For me and many others, the Zoo League fixture had an ‘after the Lord Mayor’s show’ feel to it, an event that lacked the excitement of the main event (inevitably, players had to warm up away from the pitch for much of the time leading up to kick off so there was no real build-up prior to the game) which was nothing to do with the quality of the rugby that was on show. Indeed, by all accounts Cov played well, especially in the second half.
It might be others will disagree, but the earlier kick off works rather better – but for any Zoo League fixture, whatever the time of day, there should at the every least be an announcer and a working scoreboard and if it is a later kick off, adequate lighting on and off the pitch is essential.
The comments about the PA and the lack of a scoreboard in part are also relevant to the earlier games as well. Supporters opposite the main stand currently have no access to a scoreboard, whilst those at the railway end aren’t able to hear the PA – the club will be aware of these concerns already, so they’ll be able to understand how that might infuriate anyone watching the Development Squad who, wherever they sit or stand, will have access to neither. I think the SC are working with the club over a new scoreboard somewhere around where the club shop currently is – again, a note on the website could address further moans.
It’s been an on-going gripe, and rightly so, on the Messageboard – but as yet there’s nothing come from the club which is a shame as all other aspects of communication between club and supporters have been a real strength over the last season or so and that continues to be the case, certainly on the playing front.
But here’s the thing…
By my reckoning, the first three home games have seen attendances in total of 5,400 , or an average of 1800.
The attendance of 1703 on Saturday was a particularly significant one for me – Blackheath and Moseley, the previous clubs to visit the BPA this season, were always going to attract bigger than normal gates, but Bishop’s Stortford was the first of teams less likely to pull in the larger crowds.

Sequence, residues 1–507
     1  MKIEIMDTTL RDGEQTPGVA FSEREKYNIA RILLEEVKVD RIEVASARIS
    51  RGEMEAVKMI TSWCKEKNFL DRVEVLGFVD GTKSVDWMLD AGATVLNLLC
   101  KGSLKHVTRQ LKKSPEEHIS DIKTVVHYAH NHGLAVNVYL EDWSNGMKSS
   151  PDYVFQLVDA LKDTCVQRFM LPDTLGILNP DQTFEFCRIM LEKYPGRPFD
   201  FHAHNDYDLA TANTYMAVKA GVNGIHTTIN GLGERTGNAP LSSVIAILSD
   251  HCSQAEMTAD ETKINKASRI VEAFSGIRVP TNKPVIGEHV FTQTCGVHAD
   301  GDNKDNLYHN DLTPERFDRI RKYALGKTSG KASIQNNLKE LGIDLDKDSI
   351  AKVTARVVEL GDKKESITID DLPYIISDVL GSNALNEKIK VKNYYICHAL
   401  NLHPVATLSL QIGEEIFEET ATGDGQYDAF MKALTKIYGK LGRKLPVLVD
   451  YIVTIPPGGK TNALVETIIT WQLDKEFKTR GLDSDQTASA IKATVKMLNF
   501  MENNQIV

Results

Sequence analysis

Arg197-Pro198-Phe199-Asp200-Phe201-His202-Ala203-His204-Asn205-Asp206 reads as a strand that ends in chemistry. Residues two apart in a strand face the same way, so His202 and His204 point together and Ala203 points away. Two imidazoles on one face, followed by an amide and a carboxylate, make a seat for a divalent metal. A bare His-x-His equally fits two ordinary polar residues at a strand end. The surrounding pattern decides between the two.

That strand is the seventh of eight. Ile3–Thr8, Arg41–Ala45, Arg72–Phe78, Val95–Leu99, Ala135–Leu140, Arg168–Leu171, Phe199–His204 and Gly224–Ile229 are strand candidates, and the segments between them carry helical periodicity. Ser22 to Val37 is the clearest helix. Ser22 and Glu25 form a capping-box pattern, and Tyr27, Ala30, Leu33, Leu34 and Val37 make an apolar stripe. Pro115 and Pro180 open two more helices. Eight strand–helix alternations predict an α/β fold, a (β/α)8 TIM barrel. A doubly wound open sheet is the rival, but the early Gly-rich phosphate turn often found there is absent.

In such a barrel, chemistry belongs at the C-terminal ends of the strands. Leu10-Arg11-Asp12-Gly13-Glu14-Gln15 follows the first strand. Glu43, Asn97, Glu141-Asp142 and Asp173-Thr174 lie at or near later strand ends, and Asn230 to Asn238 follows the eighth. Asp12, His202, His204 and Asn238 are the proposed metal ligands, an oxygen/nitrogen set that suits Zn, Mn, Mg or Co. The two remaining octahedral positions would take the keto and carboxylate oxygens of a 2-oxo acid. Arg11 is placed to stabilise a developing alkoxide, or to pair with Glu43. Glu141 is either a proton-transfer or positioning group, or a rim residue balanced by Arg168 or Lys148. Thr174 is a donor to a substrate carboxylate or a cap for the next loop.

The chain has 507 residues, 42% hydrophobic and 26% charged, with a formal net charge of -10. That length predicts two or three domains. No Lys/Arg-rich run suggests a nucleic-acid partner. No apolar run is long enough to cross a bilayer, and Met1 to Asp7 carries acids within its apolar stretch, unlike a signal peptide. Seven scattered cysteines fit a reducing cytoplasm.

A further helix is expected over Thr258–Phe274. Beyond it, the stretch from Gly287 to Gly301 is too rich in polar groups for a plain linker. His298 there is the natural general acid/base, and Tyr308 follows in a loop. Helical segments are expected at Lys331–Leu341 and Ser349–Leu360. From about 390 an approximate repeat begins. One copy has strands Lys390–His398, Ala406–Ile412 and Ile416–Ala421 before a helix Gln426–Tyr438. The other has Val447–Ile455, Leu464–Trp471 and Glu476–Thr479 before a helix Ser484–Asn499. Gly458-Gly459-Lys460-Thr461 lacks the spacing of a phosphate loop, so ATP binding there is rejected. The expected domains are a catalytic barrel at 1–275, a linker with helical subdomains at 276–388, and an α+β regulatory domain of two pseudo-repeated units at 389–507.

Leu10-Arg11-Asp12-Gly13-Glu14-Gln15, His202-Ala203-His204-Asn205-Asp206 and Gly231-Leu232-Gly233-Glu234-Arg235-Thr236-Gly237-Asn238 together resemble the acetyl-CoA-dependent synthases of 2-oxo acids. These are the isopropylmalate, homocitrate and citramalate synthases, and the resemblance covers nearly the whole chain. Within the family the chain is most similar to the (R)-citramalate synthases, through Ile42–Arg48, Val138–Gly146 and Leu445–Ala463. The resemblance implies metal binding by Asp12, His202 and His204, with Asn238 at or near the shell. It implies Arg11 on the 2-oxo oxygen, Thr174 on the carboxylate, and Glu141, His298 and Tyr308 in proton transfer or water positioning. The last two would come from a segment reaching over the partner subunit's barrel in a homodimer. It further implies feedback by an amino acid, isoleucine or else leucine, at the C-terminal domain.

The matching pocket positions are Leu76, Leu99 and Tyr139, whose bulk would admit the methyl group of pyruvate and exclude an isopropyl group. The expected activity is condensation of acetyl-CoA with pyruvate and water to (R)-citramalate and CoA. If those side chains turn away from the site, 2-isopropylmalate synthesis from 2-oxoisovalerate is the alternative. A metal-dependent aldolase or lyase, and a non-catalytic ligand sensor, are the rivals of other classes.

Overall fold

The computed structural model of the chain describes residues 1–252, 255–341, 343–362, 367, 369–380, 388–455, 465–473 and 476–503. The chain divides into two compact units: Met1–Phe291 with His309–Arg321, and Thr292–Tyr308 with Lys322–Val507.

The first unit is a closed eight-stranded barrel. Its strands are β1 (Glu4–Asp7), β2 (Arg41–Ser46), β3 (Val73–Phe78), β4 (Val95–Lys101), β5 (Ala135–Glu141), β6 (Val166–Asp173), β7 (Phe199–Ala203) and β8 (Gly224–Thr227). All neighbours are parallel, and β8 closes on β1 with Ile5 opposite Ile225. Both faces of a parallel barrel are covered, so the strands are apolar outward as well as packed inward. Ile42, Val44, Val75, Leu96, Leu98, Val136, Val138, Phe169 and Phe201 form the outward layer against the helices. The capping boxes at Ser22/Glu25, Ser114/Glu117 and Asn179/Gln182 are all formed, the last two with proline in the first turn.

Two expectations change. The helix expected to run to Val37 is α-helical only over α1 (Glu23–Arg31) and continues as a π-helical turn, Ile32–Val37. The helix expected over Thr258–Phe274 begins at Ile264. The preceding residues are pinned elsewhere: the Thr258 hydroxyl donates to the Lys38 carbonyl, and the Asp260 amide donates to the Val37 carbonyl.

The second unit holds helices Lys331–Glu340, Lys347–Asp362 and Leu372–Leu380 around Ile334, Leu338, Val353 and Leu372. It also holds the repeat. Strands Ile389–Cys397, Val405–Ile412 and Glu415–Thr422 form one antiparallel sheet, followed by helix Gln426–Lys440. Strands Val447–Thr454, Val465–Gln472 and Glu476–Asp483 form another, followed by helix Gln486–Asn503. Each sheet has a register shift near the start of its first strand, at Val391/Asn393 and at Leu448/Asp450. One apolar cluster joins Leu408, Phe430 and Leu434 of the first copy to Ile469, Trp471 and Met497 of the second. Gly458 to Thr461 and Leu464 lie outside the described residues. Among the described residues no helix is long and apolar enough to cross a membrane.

To get over 1700, therefore, suggests to me that we are definitely on an upward trend in terms of home attendance (some 550ish above last season’s average) and that’s hugely important to the long term prospects of the team, and indeed the club. So it’s vital that when we attract new or returning supporters into the ground, we provide the type of all-round match day experience that will ensure they’ll want to return again…
Is a lack of a visible scoreboard and no PA for a sizeable number of spectators going to ensure that happens.
And the bigger the crowd, the more spectators will frequent the areas presently not covered by one or the other.
I know there’s a limited budget available and you have to prioritise, but there are such things as false economies. The more the crowds grow, the louder and more varied the moans become and the more folk will be put off from coming over to the BPA. The players, the coaches and the backroom staff are working so hard to move the club forward, but there is always the danger of sometimes losing sight of the small things that actually make a big difference.
Rowland Winter has said that one of the crucial moments, rugby-wise, this season will be the response of his players and coaches to the that inevitable first loss of the season. He’ll expect a reaction, and a positive one at that, a determination to address the problems and as a result become even stronger from the experience.
Perhaps the same should be true here as far as the club is concerned. Supporters have seldom had any cause to complain in the last year and a half…
…now there are a few concerns being expressed on the Messageboard and elsewhere the test will be how the club responds.
In fairness, lessons were learned last season from the problems regarding the bar facilities following the December encounter with Moseley and things have improved in that area…lets hope this is the case with some or all of the moans currently being shared following Saturday.
They are small things, fairly easy to address, at least in terms of a statement of intent…
Let’s wait and see.
I’ve gone off on one a little, for which I apologise but sometimes if you care about something and feel passionately about it…well, you know what I mean.
It’s so late that I’ll leave the MoM results until tomorrow….apologies to those who waded through the above to find they aren’t included!
One of the greatest one-hit wonder of all time for me – ‘Couldn’t get It Right’ by the Climax Blues Band.
It typified the summer of ’76 – O Levels completed and doing little else but playing cricket over the extended summer holiday…